Mensakas is actively engaged in local inter-cooperation, choosing suppliers that align with its values over mainstream fast-food and supermarket chains like Uber and Glovo. Specializing in last-mile delivery, the cooperative partners with local cultural centers and businesses that sell a variety of products, from bread to newspapers. It also collaborates with key players in Catalan cooperativism, such as Coopolis in Can Battló, and is a central figure in the local cycle logistics sector. Mensakas is part of the second-degree cooperative Som Ecologistica, which unites bike delivery cooperatives in Catalonia to share resources and engage with large-volume transporters, thereby linking itself to both the SSE and the broader transport industry.

Mensakas also collaborates closely with political institutions, forming the third pillar of its ecosystem. It receives funding from the municipality and the Catalan government through the Singulars public action program, which supports projects in the cooperative sector. Another example of public-coops partnerships : during the pandemic lockdown, Mensakas distributed masks and food parcels in a municipal co-financed action. The city council oversees infrastructure policies like cycle paths and regulates the delivery sector, an area also governed by regional, national, and international institutions.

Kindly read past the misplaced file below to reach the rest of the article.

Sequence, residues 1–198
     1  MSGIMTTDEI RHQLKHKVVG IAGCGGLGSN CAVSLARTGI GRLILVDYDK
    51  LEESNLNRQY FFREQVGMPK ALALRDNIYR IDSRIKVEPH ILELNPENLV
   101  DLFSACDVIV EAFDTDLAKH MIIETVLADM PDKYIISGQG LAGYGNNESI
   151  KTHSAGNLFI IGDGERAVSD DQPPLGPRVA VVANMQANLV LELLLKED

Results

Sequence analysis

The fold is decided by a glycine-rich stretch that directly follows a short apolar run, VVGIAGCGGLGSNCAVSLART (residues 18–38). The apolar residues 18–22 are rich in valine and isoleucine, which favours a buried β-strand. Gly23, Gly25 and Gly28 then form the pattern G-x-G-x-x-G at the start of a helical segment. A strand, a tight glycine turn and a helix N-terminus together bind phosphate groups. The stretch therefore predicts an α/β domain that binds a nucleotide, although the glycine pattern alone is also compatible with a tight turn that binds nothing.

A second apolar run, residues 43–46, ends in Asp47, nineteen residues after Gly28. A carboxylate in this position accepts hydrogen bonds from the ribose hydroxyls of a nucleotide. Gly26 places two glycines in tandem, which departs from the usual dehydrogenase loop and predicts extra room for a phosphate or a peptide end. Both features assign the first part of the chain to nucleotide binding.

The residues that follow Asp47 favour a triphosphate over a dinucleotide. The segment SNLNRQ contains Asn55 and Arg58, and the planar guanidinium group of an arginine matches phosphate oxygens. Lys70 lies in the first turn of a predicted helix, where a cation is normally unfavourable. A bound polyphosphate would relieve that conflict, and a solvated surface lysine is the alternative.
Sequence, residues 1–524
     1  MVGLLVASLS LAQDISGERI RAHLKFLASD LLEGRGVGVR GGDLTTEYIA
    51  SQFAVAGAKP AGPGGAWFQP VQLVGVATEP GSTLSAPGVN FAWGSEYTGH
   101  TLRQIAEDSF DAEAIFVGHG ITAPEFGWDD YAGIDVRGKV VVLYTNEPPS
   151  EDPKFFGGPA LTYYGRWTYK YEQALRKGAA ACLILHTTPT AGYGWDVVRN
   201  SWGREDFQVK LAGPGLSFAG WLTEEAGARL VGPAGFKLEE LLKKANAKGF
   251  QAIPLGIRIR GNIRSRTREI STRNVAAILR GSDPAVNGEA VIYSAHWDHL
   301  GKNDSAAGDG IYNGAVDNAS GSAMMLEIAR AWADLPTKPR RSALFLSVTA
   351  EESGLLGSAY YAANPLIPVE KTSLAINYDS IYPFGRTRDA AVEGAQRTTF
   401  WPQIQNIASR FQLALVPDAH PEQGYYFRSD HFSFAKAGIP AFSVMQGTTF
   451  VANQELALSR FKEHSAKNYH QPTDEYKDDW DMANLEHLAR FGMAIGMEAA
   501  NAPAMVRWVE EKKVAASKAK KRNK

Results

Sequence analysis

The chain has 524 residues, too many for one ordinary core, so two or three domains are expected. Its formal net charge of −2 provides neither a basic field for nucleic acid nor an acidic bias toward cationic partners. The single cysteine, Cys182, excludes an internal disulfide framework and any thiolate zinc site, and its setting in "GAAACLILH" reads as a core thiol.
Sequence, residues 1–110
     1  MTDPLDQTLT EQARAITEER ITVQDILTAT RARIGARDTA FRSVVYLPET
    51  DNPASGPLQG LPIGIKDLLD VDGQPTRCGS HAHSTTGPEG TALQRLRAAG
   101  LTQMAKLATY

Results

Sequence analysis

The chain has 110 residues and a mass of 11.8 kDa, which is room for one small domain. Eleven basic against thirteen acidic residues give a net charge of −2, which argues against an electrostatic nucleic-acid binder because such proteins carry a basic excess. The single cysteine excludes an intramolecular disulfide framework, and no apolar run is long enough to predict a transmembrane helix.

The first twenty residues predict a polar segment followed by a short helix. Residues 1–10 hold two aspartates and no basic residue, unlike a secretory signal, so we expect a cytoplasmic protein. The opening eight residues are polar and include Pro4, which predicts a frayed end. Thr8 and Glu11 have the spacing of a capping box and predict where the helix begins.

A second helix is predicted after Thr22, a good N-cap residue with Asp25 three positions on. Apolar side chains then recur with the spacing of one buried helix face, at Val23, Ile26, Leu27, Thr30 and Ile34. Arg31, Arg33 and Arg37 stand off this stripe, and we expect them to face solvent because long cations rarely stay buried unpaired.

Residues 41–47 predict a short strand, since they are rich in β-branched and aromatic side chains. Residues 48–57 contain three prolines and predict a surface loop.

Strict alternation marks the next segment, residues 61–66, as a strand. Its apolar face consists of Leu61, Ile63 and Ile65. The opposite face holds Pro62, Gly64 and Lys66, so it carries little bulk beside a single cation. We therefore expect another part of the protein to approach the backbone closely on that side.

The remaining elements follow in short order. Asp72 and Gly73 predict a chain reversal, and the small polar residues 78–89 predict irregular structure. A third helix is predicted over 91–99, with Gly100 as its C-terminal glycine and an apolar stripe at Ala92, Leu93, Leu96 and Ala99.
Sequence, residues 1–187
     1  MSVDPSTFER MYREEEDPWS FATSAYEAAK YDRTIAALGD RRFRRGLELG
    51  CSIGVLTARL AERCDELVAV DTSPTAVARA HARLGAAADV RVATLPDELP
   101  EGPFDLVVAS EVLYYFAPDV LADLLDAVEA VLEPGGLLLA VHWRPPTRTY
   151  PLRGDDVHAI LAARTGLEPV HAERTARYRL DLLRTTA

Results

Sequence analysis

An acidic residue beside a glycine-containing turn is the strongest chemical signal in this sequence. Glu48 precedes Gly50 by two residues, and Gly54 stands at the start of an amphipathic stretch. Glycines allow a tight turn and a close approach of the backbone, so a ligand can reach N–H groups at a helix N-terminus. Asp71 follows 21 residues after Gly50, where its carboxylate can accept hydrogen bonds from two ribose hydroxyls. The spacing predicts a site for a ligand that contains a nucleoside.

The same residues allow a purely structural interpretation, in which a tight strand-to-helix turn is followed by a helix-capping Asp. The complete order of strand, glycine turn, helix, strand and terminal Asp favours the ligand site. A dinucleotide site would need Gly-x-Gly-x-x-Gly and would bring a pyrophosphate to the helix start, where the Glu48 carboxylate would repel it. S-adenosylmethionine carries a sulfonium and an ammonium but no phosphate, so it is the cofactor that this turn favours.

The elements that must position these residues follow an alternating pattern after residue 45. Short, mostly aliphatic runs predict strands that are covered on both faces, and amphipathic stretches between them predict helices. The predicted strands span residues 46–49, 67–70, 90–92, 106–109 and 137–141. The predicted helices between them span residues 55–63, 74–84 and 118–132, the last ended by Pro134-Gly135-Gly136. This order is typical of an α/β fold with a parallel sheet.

Mensakas originated from the Riders X Derechos platform in Barcelona in 2017, advocating for bike couriers and influencing the creation of Europe’s first sector-specific law, the Riders law, passed in 2021. The union extended its advocacy to European institutions, culminating in the 2023 directive for platform workers, facilitated by MEPs from The Left in the European Parliament group (GUE-NGL). This engagement with political bodies also enhances local urban distribution conditions, demonstrating Mensakas’s commitment not only to riders’ rights but also to shaping supportive urban policies.

The Barcelona-based cooperative not only applies for subsidies and public contracts but also actively lobbies through SomEcologisticas. Its intercooperation extends beyond handling large retailer volumes to engaging with political institutions, including advocating for cycle logistics in the Catalan Parliament. Arguments for this include cargo bikes’ efficiency, speed, urban decongestion, and decarbonization benefits. In 2024, Som Ecologisticas helped draft Barcelona’s Urban Mobility Plan, which includes setting up bike micro hubs to facilitate deliveries between trucks and the city.